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Publication numberUS6747322 B2
Publication typeGrant
Application numberUS 10/154,423
Publication dateJun 8, 2004
Filing dateMay 21, 2002
Priority dateMay 24, 2001
Fee statusPaid
Also published asUS20020190280
Publication number10154423, 154423, US 6747322 B2, US 6747322B2, US-B2-6747322, US6747322 B2, US6747322B2
InventorsJunichi Karasawa, Kunio Watanabe
Original AssigneeSeiko Epson Corporation
Export CitationBiBTeX, EndNote, RefMan
External Links: USPTO, USPTO Assignment, Espacenet
Semiconductor device, memory system and electronic apparatus
US 6747322 B2
Abstract
A semiconductor device having a memory cell including first and second load transistors, first and second driver transistors, and first and second transfer transistors. The semiconductor device includes first and second gate—gate electrode layers, first and second drain—drain wiring layers, and first and second drain-gate wiring layers. The first drain-gate wiring layer and the second drain-gate wiring layer are located in different layers. The first drain-gate wiring layer is located below the first drain—drain wiring layer, and the second drain-gate wiring layer is located in above the first drain—drain wiring layer. This structure provides a semiconductor device that has reduced cell area. The invention also provides a memory system and electronic apparatus that include the above semiconductor device.
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Claims(11)
What is claimed is:
1. A semiconductor device having a memory cell including a first load transistor, a second load transistor, a frat driver transistor, a second driver transistor, a first transfer transistor, and a second transfer transistor, the semiconductor device comprising:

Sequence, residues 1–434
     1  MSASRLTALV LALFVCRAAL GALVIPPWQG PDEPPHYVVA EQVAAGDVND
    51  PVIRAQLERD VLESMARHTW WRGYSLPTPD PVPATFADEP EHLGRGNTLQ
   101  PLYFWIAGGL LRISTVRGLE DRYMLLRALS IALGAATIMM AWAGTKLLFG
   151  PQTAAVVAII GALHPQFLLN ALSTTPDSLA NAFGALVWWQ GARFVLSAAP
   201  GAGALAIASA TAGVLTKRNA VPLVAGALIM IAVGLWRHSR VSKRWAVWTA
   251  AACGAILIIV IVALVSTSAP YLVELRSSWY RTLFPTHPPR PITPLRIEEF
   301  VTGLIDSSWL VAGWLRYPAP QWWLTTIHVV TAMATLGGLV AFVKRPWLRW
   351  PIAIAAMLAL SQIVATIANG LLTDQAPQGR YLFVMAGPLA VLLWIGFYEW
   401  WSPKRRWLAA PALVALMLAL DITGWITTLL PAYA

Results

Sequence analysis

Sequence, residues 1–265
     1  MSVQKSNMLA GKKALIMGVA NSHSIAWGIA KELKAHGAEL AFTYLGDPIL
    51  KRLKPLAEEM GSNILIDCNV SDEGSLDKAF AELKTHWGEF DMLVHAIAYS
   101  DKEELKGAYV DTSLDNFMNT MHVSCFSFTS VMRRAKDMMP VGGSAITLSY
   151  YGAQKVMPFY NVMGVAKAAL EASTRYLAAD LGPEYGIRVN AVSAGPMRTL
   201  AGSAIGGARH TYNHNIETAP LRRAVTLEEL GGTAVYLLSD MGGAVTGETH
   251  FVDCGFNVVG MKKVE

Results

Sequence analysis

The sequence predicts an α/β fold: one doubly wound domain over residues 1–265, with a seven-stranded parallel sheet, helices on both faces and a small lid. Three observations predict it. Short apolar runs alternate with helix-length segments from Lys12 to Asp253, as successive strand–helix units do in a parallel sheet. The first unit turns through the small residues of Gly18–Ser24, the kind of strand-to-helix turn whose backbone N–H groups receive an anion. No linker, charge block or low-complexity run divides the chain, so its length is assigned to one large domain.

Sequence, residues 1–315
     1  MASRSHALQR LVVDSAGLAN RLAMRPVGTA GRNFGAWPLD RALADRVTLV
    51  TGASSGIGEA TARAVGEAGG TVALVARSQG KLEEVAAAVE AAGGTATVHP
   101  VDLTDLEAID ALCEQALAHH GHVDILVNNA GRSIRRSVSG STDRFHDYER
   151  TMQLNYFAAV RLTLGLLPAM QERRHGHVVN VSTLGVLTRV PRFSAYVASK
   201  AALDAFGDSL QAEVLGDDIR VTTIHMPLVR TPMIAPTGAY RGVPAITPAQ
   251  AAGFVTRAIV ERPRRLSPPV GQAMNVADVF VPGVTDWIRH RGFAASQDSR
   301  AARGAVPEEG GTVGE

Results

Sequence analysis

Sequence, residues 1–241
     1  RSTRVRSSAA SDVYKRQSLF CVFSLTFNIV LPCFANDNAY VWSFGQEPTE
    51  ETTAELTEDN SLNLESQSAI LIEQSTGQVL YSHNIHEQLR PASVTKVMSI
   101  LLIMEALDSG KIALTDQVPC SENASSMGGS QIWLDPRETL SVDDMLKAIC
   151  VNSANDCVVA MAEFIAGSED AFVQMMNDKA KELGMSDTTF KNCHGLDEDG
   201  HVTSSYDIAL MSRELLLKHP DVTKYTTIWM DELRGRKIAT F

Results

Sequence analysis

a first gate—gate electrode layer including a gate electrode of the first load transistor and a gate electrode of the first driver transistor;
a second gate—gate electrode layer including a gate electrode of the second load transistor and a gate electrode of the second driver transistor;
a first drain—drain wiring layer that forms a part of a connection structure that electrically connects a drain of the first load transistor and a drain of the fret driver transistor;
a second drain—drain wiring layer that forms a part of a connection structure that electrically connects a drain of the second load transistor and a drain of the second driver transistor;
a first drain-gate wiring layer that forms a part of a connection structure that electrically connects the first gate—gate electrode layer and the second drain—drain wiring layer; and
a second drain-gate wiring layer that forms a part of a connection structure that electrically connects the second gate—gate electrode layer and she first drain—drain wiring layer,
wherein the first drain-gate wiring layer and the second drain gate wiring layer are located in different layers,
the first drain-gate wiring layer is located in a layer below the first drain—drain wiring layer, and
the second drain gate wiring layer is located in a layer entirety above the first drain—drain wiring layer.
2. A semiconductor device according to claim 1, wherein a plan configuration of the first drain-gate wiring layer and the second drain-gate wiring layer has a linear shape.
3. A memory system comprising the semiconductor device according to claim 1.
4. An electronic apparatus comprising the semiconductor device according to claim 1.
5. A semiconductor device having a memory cell including a first toad transistor, a second land transistor, a first; driver transistor, a second driver transistor, a first transfer transistor, and a second transfer transistor, the semiconductor device comprising:
a first gate—gate electrode layer including a gate electrode of the first load transistor and a gate electrode of the first driver transistor;
a second gate—gate electrode lever including a gate electrode of the second load transistor and a gate electrode of the second driver transistor;
a first drain—drain wiring layer that forms a gate of a connection structure that electrically connects a drain of the first load transistor and a drain of the first driver transistor;